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7 historically haunted houses to visit (or even stay over) in the US

by Julie Pennell / / Source: TODAY

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‘Tis the season to embrace all things scary. And for those who are not faint of heart, Halloween is the perfect time to visit a haunted house.

We’re not talking about those cheesy, man-made attractions where zombies jump out at you (although, those can certainly be fun, too). We’re talking about the real homes across America that have a history of stories involving ghosts and paranormal activity.

Ready to send some shivers down your spine? Here are seven real estate properties that will most definitely give you the creeps, from a historical home that’s supposedly haunted by Thomas Jefferson to a Gothic mansion that's claimed to be haunted by a woman dressed in black.

1. Market Square Tavern, Williamsburg, VA

Located in Colonial Williamsburg, this home is said to have belonged to Thomas Jefferson. And guests have claimed they’ve seen Jefferson’s ghost in the home where you can stay overnight. According to Lonely Planet, one guest reported that he'd heard someone say, “Goodnight, Tom” and a chair scrape across the floor “as though someone had stood up to offer his departing courtesies.” Creepy!

2. Joshua Ward House, Salem, MA

Once the site of Sheriff George Corwin’s jail in the 1680s where accused witches were executed during the Salem Witch Trials, this home is now a hotel called “The Merchant.” According to the official website, it is said to be haunted by some of the victims of Sheriff Corwin. One in particular is a woman sporting wild, black hair who appeared in a photograph taken by a former tenant.

3. LaLaurie Mansion, New Orleans, LA

This home in the French Quarter once belonged to socialite Madame LaLaurie in the 1800s. Now, it has the reputation of being one of the most haunted houses in New Orleans, according to Haunted New Orleans Tours. A fire supposedly broke out in the kitchen, which led firefighters and townspeople to discover a torture chamber in the home's attic. LaLaurie was forced to flee the city after an angry mob ransacked the house. Since then, many have claimed to see ghosts in photos and hear screams of agony coming from the empty house. The home is privately owned now so no one is allowed in, but you can still try and spot paranormal activity from the street.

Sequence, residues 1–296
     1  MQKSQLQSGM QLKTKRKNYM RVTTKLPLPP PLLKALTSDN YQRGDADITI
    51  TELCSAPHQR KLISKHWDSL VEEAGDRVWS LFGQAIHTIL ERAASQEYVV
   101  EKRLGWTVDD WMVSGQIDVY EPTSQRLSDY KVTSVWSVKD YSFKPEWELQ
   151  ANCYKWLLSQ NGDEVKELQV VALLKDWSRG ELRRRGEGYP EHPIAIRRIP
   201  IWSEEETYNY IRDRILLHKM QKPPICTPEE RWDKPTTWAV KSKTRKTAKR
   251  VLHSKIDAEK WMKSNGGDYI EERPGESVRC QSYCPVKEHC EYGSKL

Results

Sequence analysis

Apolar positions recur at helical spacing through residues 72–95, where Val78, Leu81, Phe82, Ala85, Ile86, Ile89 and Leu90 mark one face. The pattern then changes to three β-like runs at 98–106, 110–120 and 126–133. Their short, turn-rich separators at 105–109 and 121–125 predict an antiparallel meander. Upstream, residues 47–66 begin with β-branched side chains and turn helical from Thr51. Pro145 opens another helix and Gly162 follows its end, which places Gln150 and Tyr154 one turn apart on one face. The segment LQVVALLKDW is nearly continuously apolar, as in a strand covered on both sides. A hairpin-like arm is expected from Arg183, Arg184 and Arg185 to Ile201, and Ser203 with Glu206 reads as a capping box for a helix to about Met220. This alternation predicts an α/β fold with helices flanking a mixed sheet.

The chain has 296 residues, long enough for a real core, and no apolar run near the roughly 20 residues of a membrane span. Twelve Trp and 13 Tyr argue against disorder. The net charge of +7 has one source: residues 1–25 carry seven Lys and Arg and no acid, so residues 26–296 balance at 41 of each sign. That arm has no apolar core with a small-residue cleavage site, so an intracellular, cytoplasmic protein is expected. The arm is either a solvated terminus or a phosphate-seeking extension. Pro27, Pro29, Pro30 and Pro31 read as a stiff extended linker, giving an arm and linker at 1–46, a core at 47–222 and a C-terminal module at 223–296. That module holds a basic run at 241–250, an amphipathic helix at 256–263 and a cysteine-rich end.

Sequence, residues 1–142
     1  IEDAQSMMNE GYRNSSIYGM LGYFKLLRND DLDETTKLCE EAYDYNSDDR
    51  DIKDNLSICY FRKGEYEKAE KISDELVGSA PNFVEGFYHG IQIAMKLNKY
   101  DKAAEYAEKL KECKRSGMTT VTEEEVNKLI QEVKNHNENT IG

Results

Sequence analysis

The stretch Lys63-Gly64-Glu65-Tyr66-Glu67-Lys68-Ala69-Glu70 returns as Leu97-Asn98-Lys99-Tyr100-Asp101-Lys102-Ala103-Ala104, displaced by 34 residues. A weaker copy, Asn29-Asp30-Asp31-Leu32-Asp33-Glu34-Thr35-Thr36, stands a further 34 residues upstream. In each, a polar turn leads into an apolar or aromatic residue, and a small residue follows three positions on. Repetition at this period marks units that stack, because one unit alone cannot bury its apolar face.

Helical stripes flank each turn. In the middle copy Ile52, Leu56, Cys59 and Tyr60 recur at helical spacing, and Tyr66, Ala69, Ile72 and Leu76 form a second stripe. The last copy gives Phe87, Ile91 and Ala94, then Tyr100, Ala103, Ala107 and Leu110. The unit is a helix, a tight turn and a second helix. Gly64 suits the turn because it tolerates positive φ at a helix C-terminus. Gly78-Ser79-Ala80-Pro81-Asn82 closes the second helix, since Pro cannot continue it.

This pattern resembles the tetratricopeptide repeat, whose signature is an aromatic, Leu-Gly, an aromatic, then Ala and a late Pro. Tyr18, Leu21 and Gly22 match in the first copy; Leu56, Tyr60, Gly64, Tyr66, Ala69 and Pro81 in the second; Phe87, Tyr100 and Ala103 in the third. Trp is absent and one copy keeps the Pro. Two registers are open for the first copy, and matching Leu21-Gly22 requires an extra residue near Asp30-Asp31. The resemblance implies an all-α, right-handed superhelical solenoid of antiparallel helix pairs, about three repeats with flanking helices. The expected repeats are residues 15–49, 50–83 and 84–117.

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4. Amityville Horror House, Long Island, NY

This 3,600-square-foot home has five bedrooms, three baths and peaceful water views, but there’s a scary feature: It’s the site of a tragic mass murder in 1974, when a man shot his parents and four siblings (the event inspired books and movies like “The Amityville Horror”). It’s not too scary for some, however, as the home was sold last year after being on the market for $850,000.

5. Lizzie Borden House, Fall River, MA

Another home where a gruesome murder took place is this crime scene turned hotel. In 1892, Andrew and Abby Borden were found axed to death in the house and his daughter, Lizzie, was tried but eventually acquitted for the crime. The home is now a bed and breakfast where you can stay in the "John V. Morse" room where Abby Borden was murdered — it’s even decorated with crime scene photos, according to Lee-Ann Wilber, manager of the inn.

“I always say it’s a nice, old Victorian house that has issues,” she told TODAY Home. In the last 13 years, she said she’s seen lights go on and off and furniture switch places. While she slept in one of the rooms, she said, she saw a rocking chair move from the left side of the bed to the right.

6. The Wythe House, Williamsburg, VA

This home once belonged to Thomas Jefferson’s law professor George Wythe, a very prominent man and also a signer of the Declaration of Independence. According to Leigh Jameson, creative lead of Colonial Williamsburg’s Official Ghost Walk, people have seen a ghost-like woman on the property through the years. She’s shown up standing behind someone in a mirror, and one guest even fainted after spotting her walk into a wardrobe before dissipating.

7. Franklin Castle, Ohio City, OH

This gorgeous Gothic mansion certainly looks like a haunted house. Built in the late 1800s, it’s said to have been the site of about seven deaths through the years. “Residents have been witness to lights turning on and off by themselves, doors opening and closing of their own accord, disembodied voices echoing from empty rooms and objects mysteriously moving about,” said William G. Krejci, author of Haunted Franklin Castle. “Many have also been witness to unexplained vaporous mists, as well as seeing an apparition of a woman in black and a girl in white, who are believed to be the wife and daughter of the original owner.”

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Courtey of The Myrtles Plantation
From the inspiration for "The Shining" to the Headless Horseman's hangout, visit the world's spookiest tourist attractions ... if you dare.

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